I first came across Buggie, AKA Gretchen King, when she was singing with Phantods, a band hailing from Columbus, Ohio. They were pretty successful, did some massive shows, and made a rock documentary, "Meet the Phantods," back in 2012. I was a fan of their unique brand of indie rock/pop, and I'd previously tried to get them involved in another project, but the band dissolved right around that time.
When I saw a Facebook post from Gretchen (I'm going to call her Buggie from here on in), looking for a mixing engineer to work on her solo project, I was intrigued. I dropped her a message right away, eager to hear what she was working on.
Buggie's backstory is that she's a graphic designer by profession, alongside being an exceptional singer and musician. She's worked in packaging design, logos, and product placement. She's also a ridiculously talented sculpture artist. Since parting ways with the Phantods, she played in a few other bands (Check out Kabiria, who were a bit ahead of their time with face masks), but she wanted to produce something entirely of her own, with all her creative energy and control. No compromises.
She sent me a full EPK (Electronic Press Kit), a unique approach at this stage. The EPK was formatted as a project outline, with links to her Soundcloud channel full of rough mixes of the songs, and the complete story behind the project. She'd listed all her influences and references for the record, including visuals. This EPK was specifically for mixing engineers to understand the project. Super cool.
I was utterly blown away by the approach. It's uncommon to have the vision written out so clearly, with such a firm intention behind the music. I was convinced I wanted to do the record halfway through the first song. One of the most immense drives behind my work as a mixing engineer is the desire to fully represent and honor the artist's intention and bring that out as much as possible through the mixing process. So for me, this was a fascinating prospect.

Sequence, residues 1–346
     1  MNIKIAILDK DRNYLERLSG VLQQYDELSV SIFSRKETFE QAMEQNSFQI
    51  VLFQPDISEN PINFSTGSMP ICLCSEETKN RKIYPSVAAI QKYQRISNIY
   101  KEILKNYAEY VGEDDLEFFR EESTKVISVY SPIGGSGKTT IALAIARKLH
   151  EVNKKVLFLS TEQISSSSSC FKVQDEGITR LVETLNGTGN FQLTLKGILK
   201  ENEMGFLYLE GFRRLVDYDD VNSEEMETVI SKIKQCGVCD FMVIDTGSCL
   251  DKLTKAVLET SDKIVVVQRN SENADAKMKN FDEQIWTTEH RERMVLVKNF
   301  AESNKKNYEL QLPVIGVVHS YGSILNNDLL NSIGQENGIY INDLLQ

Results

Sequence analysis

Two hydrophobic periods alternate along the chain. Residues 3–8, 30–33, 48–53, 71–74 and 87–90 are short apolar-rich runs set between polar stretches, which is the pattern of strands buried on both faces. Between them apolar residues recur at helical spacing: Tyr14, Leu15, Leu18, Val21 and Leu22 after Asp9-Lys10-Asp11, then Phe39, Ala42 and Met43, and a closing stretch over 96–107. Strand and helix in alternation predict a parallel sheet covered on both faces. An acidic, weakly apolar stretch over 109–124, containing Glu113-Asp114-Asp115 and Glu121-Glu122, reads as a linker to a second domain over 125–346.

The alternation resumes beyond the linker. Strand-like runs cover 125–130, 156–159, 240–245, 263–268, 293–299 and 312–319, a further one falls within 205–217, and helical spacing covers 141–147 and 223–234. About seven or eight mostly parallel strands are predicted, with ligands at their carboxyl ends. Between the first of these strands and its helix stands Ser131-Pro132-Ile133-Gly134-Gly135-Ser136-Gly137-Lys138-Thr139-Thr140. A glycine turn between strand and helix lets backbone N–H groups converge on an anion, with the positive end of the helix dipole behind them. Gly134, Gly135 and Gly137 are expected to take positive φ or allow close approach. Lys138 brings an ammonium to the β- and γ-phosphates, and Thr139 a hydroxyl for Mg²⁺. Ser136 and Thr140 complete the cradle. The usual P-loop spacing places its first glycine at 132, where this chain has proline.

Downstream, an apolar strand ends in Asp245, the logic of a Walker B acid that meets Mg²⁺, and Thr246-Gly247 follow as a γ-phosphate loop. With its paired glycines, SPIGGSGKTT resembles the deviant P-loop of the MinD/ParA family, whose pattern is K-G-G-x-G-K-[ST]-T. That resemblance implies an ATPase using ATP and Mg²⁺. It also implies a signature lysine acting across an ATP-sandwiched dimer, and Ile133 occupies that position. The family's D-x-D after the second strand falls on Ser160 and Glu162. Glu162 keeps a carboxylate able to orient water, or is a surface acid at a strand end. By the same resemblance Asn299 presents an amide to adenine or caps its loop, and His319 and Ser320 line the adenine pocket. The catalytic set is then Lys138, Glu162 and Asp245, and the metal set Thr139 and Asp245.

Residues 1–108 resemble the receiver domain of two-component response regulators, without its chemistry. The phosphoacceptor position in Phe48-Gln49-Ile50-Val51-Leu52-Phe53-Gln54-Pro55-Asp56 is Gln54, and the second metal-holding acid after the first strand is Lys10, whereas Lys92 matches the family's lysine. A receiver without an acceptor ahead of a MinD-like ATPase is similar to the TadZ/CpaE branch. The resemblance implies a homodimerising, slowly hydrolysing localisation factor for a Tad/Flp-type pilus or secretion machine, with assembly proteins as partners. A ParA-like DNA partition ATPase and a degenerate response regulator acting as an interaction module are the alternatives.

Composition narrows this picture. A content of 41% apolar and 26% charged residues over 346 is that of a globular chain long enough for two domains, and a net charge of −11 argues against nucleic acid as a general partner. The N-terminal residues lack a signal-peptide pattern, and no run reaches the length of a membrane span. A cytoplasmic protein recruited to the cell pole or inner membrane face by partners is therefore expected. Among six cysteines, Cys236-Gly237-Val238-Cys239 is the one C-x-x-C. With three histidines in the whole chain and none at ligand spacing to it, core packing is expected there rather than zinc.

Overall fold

I was even more impressed by the phenomenal dedication Buggie had shown in getting the project underway. She'd saved up, quit her job in Los Angeles, and learned to do as much as possible on her laptop, by herself.
When it was time for the record to be mixed, she knew that she wanted to mix in her hometown of Columbus, and then complete the accompanying sculpture artwork at her family's home in northern Ohio.
We had a pretty great workflow happening in the sessions. Buggie brought her entire production rig with her to the studio. If we needed to tweak or grab things from the production stage, we could, until we had it sounding exactly how it did in her very wild imagination.
What we produced is definitely one of the most exciting records I've worked on in my career.
It's an incredible selection of music - electro-pop meets trance meets Jim Henson movies, with a hefty dose of surreal over the top (in the best way possible) sound design. The whole project is outlined here on Buggie's website, bringing together the art, music, and stories to create a complete experience for her fans. For anyone looking for inspiration on engaging your fans, you'll undoubtedly find it by following Buggie.
I really encourage you to check out her Bandcamp page. You won't be disappointed!
In the next article of this series, I'll tell you more about the mixing process on Buggie's track, Westend. To read more about my previous featured work, click here.